CGIAR Research Program on Forests, Trees and Agroforestry
Forests, trees and agroforestry produce food, fibers, energy, water and ecosystem services, and are required to maintain biodiversity and adapt to and mitigate climate change. An estimated 1.6 billion people depend on forests and trees, including trees on farms, for their livelihoods. Among them are poor and marginalized groups, while indigenous peoples are proportionally more dependent on the goods and services that forests and trees provide.
Forests and trees are needed to contribute to the Paris Agreement and to the achievement of 14 of the Sustainable Development Goals (SDGs), responding to multiple demands linked to the objectives of reducing poverty, improving food and nutrition security, promoting sustainable agriculture, addressing climate change, protecting natural resources, improving ecosystem services and contributing to sustainable production and consumption.
The CGIAR Research Program on Forests, Trees and Agroforestry (FTA) aims to enhance the role of forests, trees and agroforestry in sustainable development and food security and to address climate change.
A woman processes coffee beans in Ethiopia. Photo by O. Girard/CIFOR
With improved management, transformed governance, and new institutional arrangements involving public and private actors, forests, trees and agroforestry have the potential to address these challenges, thereby directly contributing to achieving the SDGs. They can play a central role in improving production systems; securing people’s livelihoods, resilience and food security, including for young and marginalized people; and promoting the equitable distribution of benefits.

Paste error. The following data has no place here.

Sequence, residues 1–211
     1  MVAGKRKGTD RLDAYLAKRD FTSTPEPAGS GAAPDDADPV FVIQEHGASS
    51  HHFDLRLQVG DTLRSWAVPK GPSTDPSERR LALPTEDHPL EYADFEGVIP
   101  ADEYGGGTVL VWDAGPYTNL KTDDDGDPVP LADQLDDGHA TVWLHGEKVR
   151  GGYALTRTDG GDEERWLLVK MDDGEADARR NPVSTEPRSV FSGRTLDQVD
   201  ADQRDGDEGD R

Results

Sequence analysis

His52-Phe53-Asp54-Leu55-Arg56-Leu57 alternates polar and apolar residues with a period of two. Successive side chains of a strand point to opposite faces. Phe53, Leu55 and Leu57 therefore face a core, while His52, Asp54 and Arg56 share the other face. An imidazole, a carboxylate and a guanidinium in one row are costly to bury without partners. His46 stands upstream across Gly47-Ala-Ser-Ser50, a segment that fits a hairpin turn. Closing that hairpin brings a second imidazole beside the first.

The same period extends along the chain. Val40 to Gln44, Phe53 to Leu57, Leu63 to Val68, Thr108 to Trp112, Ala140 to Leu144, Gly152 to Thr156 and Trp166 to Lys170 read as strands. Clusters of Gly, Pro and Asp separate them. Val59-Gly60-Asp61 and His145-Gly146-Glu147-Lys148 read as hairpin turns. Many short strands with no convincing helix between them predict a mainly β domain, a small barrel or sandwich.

The landscape approach, as it relates to agriculture, forestry and other land uses, and to the livelihoods they sustain, transcends traditional management and governance boundaries, seeking to provide tools and concepts to identify, understand and address a complex set of environmental, social and political challenges, and to enable evidence-based and inclusive prioritization, decision-making and implementation.
FTA aims to better understand these roles, solutions to enhance them — technical options, management, governance, policies — and to enable actors to unlock the potential and maximize the benefits that trees can bring. FTA worked on 118 projects in 41 countries in 2017, and organizes research spanning the whole spectrum of the “theory of change,” linked to impact pathways, from upstream research to the enabling environment (institutions, policies, governance) for development and scaling-up.
FTA research focuses on the needs of key users and beneficiaries. It develops methods to ensure that the conduct and outcomes of research are gender sensitive and that capacity exists to use outputs. The research design includes monitoring, evaluation, learning and impact assessment (MELIA) approaches. This supports continuous learning and self-reflection, thus improving effectiveness in achieving outcomes and impacts.
Featured image: Farmers tend to a pepper garden in Indonesia. Photo by Y. Ahmad/ICRAF
CGIAR Research Program on Forests, Trees and Agroforestry leaflet
News from CGIAR Research Program on Forests, Trees and Agroforestry
Hanging in the balance: Preservation, restoration and sustainable management in Indonesian peatlands20.08.18
The protection of peatland ecosystems, which store “disproportionate” amounts of carbon, is vita…Read more
Sharing the risk of blue carbon investment in ‘era of SDGs’06.08.18
The public and private sectors must join forces to finance blue carbon, in order to…Read more
Bamboo and rattan: Surprising tools for forest protection03.08.18
A new declaration is paving the way for non-timber forest products (NTFPs) in forest conservation. …Read more
Publications from CGIAR Research Program on Forests, Trees and Agroforestry
Ensuring quality of research for development: The MELIA system23.03.18
Gender equality and social inclusion23.03.18